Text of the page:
You Can Not Multiply if You Will Not Mobilize

Ministry where a few people are doing the work and the church is expecting them to keep doing it can be terribly frustrating.

How do we mobilize people in the rows of our congregations to action, to ministry, to mission? Here are three things that need to happen to mobilize your people.

Create an Atmosphere of Expectation

Increasing expectations is key to mobilizing people out of the pews. Paul helps us to know our role as pastor in Ephesians 4.

And he himself gave some to be apostles, some prophets, some evangelists, some pastors and teachers, 12 equipping the saints for the work of ministry, to build up the body of Christ, 13 until we all reach unity in the faith and in the knowledge of God’s Son, growing into maturity with a stature measured by Christ’s fullness. 14 Then we will no longer be little children, tossed by the waves and blown around by every wind of teaching, by human cunning with cleverness in the techniques of deceit. 15 But speaking the truth in love, let us grow in every way into him who is the head ​— ​Christ. 16 From him the whole body, fitted and knit together by every supporting ligament, promotes the growth of the body for building up itself in love by the proper working of each individual part. (Eph 4:11-16, CSB)

Pastors must lead their churches to fulfill this God-ordained mission by equipping the saints for the “work of ministry.” Some churches set expectations before people can serve in ministry like finishing a membership class, being baptized, and signing a membership covenant. Other churches have their people finish a process to discover their gifts.

Churches that people join tend to have clear expectations from the beginning, recruit workers one-to-one, provide entry level ministry for new workers, and so on. There’s a helpful chart from Chuck Lawless in chapter 7 of Comeback Churches for more on this.

Instead of burning out a few who do all the work in a church, the goal is to maximize the number working in ministry. People need to be taught that the pastoral leadership of the church is there to equip them for the work of ministry. It’s their responsibility to do the work. They are the church.

Create an Atmosphere of Equipping

The local church must have a strategy not only to get as many as possible into ministry, but also a strategy, or process, to equip people for ministry. You start with gift-discovery and a placement process. Then you continue by working to create enough entry level ministry positions, face-to-face recruiting, recognition and affirmation, etc. You can’t just have a position, but the means to train them for the position.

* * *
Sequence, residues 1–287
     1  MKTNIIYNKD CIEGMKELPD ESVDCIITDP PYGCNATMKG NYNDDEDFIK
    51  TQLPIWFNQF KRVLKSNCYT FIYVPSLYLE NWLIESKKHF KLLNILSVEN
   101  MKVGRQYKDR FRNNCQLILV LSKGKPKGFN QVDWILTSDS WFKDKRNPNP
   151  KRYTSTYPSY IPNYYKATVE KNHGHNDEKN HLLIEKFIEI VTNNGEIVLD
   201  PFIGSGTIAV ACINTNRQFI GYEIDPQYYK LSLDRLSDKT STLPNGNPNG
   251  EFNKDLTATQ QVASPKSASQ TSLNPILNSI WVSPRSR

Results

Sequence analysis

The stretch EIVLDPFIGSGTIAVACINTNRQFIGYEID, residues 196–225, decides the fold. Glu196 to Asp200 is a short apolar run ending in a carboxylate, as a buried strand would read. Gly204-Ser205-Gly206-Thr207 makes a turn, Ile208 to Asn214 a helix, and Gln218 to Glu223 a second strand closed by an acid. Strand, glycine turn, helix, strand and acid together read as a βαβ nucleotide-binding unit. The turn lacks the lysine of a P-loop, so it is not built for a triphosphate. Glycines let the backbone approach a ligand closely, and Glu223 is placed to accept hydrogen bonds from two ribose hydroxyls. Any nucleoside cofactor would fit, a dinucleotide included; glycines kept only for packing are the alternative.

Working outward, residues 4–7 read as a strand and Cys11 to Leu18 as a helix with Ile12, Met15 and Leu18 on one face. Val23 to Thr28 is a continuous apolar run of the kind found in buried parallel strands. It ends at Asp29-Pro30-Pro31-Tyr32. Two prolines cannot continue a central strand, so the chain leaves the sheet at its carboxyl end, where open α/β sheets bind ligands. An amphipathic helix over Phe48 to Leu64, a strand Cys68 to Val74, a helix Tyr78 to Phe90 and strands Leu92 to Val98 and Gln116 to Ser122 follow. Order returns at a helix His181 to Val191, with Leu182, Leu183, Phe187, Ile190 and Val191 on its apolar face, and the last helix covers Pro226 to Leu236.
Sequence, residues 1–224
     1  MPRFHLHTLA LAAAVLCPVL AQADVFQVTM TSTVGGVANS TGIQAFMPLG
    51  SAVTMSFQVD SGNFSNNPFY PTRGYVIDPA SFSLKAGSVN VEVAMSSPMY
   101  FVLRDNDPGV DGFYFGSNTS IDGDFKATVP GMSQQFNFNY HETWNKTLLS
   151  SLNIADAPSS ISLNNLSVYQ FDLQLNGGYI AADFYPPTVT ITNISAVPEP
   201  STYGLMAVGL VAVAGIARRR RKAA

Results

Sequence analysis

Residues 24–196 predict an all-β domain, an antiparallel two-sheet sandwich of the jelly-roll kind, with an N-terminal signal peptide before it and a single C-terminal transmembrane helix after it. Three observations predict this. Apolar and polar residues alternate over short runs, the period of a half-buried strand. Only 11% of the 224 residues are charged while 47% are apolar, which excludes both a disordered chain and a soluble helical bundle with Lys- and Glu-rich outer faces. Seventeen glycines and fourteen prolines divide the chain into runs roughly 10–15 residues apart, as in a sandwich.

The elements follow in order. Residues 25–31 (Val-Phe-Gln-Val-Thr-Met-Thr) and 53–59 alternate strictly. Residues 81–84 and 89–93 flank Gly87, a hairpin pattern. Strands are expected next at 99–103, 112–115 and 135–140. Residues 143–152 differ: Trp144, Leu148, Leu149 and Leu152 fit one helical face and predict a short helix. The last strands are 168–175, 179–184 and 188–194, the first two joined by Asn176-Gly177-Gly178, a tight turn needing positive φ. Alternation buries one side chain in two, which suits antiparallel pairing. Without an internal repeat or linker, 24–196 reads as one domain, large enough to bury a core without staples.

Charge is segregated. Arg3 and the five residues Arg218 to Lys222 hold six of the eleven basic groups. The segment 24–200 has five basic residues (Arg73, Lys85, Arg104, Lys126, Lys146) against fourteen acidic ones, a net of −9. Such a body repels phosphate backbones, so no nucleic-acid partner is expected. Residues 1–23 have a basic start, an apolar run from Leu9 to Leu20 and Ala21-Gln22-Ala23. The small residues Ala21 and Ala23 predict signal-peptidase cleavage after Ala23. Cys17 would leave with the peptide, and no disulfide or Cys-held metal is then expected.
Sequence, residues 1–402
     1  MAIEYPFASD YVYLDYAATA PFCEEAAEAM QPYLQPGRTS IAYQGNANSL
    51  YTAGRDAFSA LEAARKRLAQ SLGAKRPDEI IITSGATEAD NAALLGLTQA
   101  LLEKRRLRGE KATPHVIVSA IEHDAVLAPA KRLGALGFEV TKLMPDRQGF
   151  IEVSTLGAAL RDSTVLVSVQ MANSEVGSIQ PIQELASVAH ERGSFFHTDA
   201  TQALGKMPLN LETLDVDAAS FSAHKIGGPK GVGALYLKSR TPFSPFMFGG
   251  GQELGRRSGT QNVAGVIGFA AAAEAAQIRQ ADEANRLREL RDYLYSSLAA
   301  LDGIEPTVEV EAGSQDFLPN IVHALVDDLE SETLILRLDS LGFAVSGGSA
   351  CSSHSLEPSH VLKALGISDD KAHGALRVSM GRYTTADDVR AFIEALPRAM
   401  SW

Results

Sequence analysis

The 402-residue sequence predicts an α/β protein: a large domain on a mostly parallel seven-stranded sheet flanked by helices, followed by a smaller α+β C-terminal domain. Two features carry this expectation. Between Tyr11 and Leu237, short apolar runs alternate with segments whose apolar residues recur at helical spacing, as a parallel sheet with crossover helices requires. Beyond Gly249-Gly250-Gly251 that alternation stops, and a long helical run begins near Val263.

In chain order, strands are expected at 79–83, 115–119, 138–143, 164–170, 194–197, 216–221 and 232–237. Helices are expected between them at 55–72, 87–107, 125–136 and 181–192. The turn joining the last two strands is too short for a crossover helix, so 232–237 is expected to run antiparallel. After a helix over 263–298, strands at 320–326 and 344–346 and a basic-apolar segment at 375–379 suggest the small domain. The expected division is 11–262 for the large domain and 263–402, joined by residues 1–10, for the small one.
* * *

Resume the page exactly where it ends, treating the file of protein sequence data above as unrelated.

Get people involved quickly, exploring different ministries, and recognizing where they excel and have leadership potential. And make sure they aren’t just sustaining the church building. Get everyone involved in evangelism!

Create an Atmosphere of Empowerment

You need people to feel empowered and enabled for ministry. Don’t just expect people to “get it.” Preach, teach, and train your congregation. It can take time to empower the people for ministry, especially if they don’t have a good understanding of their gifting. We tend to overestimate what we can do in a year and underestimate what we can do in three years. It has to be communicated in different ways at different times for it to sink in over time.

Structure breeds confidence. When there is a well thought through process, it helps people feel led and empowered.

Empowering people requires giving them authority along with responsibility. They need ownership that it’s their job to get done.

And people need affirmation. They need to be appreciated for their ministry activity and involvement. Give them a quick “thank you” note. Let them know their effort didn’t go unnoticed.

It’s not enough that you as a leader feel empowered for your ministry, you have to empower others.

Learn more about mobilizing your congregation – connect with an Auxano Navigator.

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Ed Stetzer

Ed Stetzer